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AB0835 Denosumab as a first choice drug for glucocorticoid induced osteoporosis treatment instead of bisphosphonate
  1. I Yoshii1,
  2. T Chijiwa2
  1. 1Orthopaedic Surgery, Yoshii Hospital, Shimanto City
  2. 2Rheumatology, Kochi Memorial Hopsital, Kochi, Japan

Abstract

Background Glucocorticoid induced osteoporosis (GIO) is serious problem for raising risk of bone fragile fracture. In general, first choice drug for GIO is bisphosphonate (BPH), however, denosumab (dMAB), a monoclonal antibody of receptor activator of nuclear factor kappa-B ligand, is closed up as a alternative selection for GIO recently.

Objectives The aim of this study is to evaluate effectiveness of dMAB in bone mineral density (BMD) for GIO treatment compared to BPH.

Methods In the patients in whom glucocorticoid steroid (GCs) have been administered for more than three months, who met indication criteria for GIO what was determined by the Japanese Society for Bone and Mineral Research in 2014, that is matrix calculated in adding points of past fracture history, age, dosage of GCs, and BMD value (1), were enrolled. Before March 2013, data was lacking, so patients who have been administrated GCs after April 2013 were picked up. Patients BMD at GCs administration, at 6 months after initial treatment, if drug was changed, also at 6 months after second treatment, for minimum lumbar spine (LS), femoral neck (FN), and greater trochanter (GT) were measured with dual-energy X-ray absorptiometry (DEXA). Patients were classified by drug for initial treatment and second drug if administered. Patients age, initial, average, and total dose of GCs, term length of administration, and BMD and its gain for each chance were compared with Mann-Whitney U-test and Student's paired T-test.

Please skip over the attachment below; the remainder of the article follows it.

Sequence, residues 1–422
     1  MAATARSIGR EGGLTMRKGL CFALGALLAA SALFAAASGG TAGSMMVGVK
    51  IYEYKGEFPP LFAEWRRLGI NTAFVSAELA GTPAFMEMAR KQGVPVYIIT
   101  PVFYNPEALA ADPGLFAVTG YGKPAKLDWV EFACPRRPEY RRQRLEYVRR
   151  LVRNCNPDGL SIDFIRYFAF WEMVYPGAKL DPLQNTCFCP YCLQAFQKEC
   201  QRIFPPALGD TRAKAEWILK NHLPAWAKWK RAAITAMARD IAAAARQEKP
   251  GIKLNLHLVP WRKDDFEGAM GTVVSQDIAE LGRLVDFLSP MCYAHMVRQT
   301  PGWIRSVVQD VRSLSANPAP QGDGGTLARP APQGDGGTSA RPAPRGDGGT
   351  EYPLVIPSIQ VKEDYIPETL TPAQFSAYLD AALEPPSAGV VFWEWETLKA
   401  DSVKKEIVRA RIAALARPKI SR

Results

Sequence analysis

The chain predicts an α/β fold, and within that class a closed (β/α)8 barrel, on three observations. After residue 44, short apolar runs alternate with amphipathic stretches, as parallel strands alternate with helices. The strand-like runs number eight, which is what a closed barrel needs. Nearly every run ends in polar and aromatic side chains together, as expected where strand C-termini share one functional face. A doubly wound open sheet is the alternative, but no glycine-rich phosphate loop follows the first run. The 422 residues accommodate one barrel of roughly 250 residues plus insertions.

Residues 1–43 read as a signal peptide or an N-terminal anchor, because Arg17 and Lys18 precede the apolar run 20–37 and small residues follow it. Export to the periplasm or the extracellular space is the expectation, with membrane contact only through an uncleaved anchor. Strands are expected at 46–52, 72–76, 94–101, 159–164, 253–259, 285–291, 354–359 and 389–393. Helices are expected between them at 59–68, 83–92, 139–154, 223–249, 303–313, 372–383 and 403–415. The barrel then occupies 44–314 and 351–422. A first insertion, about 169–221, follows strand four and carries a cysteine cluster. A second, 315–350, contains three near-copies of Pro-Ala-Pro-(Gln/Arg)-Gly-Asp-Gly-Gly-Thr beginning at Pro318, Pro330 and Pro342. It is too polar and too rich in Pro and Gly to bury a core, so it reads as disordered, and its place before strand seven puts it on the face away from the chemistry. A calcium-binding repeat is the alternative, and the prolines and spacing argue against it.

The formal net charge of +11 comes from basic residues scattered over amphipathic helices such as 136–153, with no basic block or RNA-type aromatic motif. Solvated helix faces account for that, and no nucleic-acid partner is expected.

Results 149 patients in whom 48 with no drug administrated (N), 24 for BPH naïve and continued (BB), 22 for BPH naïve and changed to dMAB (BD), 21 for dMAB naïve and continued (DD), 34 for dMAB naïve and changed to BPH (DB) were counted. In these, sex distribution was 26 for men and 123 for women. Underlying disease for administration of GCs were rheumatoid arthritis for 114, polymyalgia rheumatica for 12, idiopathic thrombocytopenic purpura for 9, systemic lupus erythematosus for 6, and others for 8. For groups, age at baseline, initial, average, and total dose, and term length of administration of GCs demonstrated no significant difference between any pairs of the groups. BMD at baseline for Group N demonstrated significant greater per-cent of young adult mean (%YAM) than Group DD (p<0.01) in all parts, yet greater than the other groups but not statistically significant. In Group N, BMD had significantly decreased from the baseline to 6 months later in all parts (p<0.01). In the other groups, BMD had shown gain at 6 months after drug administration in all part, however, in Group DB showed mean %YAM loss for GT after first and second drug administration compared to Group BD had shown %YAM loss after first but gain after second drug for FN (Table 1).

Conclusions From these results, dMAB is effective role in raising BMD for GIO as a initial drug, and a second drug even after inadequate response to BPH. dMAB could be possible to be chosen as a first choice drug for GIO treatment.

References

  1. Suzuki, Y., Nawata, H., Soen, S. et al. J Bone Miner Metab (2014) 32: 337. doi:10.1007/s00774–014–0586–6.

References

Disclosure of Interest None declared

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